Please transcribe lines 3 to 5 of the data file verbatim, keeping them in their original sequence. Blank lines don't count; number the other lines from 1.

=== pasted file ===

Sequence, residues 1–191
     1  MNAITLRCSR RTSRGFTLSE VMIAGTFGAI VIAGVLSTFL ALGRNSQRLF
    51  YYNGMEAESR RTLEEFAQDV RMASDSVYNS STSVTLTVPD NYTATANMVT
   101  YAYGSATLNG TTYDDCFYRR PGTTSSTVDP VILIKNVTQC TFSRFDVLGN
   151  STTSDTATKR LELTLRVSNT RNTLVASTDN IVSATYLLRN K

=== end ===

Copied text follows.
    51  YYNGMEAESR RTLEEFAQDV RMASDSVYNS STSVTLTVPD NYTATANMVT
   101  YAYGSATLNG TTYDDCFYRR PGTTSSTVDP VILIKNVTQC TFSRFDVLGN
   151  STTSDTATKR LELTLRVSNT RNTLVASTDN IVSATYLLRN K